A type of bat that's been decimated by disease is now considered threatened in the U.S.
But – for now, at least – the Fish and Wildlife Service is not listing the northern long-eared bat as an endangered species.
The distinction is an important one for Minnesota's logging industry, which will be allowed to continue most of its tree harvest under rules the Fish and Wildlife Service announced Wednesday.
The disease, called white nose syndrome, has killed millions of bats in Eastern and Midwestern states as it spreads through the caves and abandoned mines where they hibernate.
The Fish and Wildlife Service will take public comments on its ruling until July 1 and may then revise it. In the meantime, an interim rule will be in place.
Minnesota is among the states where the northern long-eared bat shelters its young in trees during June and July. Endangered species status for the bat would likely have halted the logging of those trees.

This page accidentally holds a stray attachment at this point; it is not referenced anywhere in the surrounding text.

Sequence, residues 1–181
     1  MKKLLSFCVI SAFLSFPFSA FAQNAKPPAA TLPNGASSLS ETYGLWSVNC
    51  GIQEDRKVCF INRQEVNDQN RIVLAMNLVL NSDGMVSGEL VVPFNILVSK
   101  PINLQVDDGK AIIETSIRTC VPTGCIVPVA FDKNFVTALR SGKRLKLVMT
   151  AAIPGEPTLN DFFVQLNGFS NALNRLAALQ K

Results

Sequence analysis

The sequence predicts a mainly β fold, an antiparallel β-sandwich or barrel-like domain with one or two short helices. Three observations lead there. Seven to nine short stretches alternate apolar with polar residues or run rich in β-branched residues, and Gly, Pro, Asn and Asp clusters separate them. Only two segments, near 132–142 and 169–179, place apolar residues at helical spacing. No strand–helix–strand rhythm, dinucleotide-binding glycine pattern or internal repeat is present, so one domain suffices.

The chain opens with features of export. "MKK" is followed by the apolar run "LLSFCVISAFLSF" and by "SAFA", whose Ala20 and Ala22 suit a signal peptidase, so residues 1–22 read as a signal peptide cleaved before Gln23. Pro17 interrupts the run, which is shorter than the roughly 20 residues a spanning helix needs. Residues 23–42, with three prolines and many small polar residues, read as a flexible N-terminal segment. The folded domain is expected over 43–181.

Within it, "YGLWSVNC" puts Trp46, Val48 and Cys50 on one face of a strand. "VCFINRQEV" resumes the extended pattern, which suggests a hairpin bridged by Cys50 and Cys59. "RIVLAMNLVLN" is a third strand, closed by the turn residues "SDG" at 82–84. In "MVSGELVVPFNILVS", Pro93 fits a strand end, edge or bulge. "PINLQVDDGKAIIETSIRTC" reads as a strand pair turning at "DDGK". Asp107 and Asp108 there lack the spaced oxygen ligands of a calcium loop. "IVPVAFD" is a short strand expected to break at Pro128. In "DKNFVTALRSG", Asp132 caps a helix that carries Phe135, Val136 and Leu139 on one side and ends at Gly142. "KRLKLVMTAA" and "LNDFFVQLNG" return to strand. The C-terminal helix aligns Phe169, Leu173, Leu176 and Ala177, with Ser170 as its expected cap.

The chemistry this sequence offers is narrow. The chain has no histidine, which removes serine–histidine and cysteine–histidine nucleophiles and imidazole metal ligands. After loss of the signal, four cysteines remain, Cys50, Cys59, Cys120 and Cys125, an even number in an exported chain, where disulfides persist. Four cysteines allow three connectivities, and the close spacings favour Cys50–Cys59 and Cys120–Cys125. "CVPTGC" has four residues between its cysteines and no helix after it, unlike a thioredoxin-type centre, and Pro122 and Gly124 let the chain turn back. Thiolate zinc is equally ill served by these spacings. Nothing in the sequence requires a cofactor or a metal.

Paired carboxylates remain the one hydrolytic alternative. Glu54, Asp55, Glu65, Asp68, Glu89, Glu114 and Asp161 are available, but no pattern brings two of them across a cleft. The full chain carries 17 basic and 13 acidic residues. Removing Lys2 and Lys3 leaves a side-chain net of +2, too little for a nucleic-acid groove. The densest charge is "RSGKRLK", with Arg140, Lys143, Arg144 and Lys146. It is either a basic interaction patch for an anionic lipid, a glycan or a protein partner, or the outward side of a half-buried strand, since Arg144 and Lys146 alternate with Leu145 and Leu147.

Under Wednesday's ruling, only trees within a quarter-mile of a known roosting or hibernating area cannot be logged, the Duluth News Tribune reports.
Wayne Brandt, executive vice-president of Minnesota Forest Industries, appreciates that the federal government opted against endangered status for the bat – but he tells the News Tribune the state's timber industry should be considered threatened, too.
Brandt notes it's white nose syndrome, not logging, that's caused bat numbers to plummet and he opposes restrictions on the timber industry.
The Fish and Wildlife Service says the disease has turned up in 28 of the 37 states that are home to northern long-eared bats.
Officials tell the News Tribune no Minnesota bats are confirmed to have died from white nose syndrome, but traces of the disease have turned up in the Soudan Underground Mine in Tower and at Forestville/Mystery Cave State Park in southern Minnesota.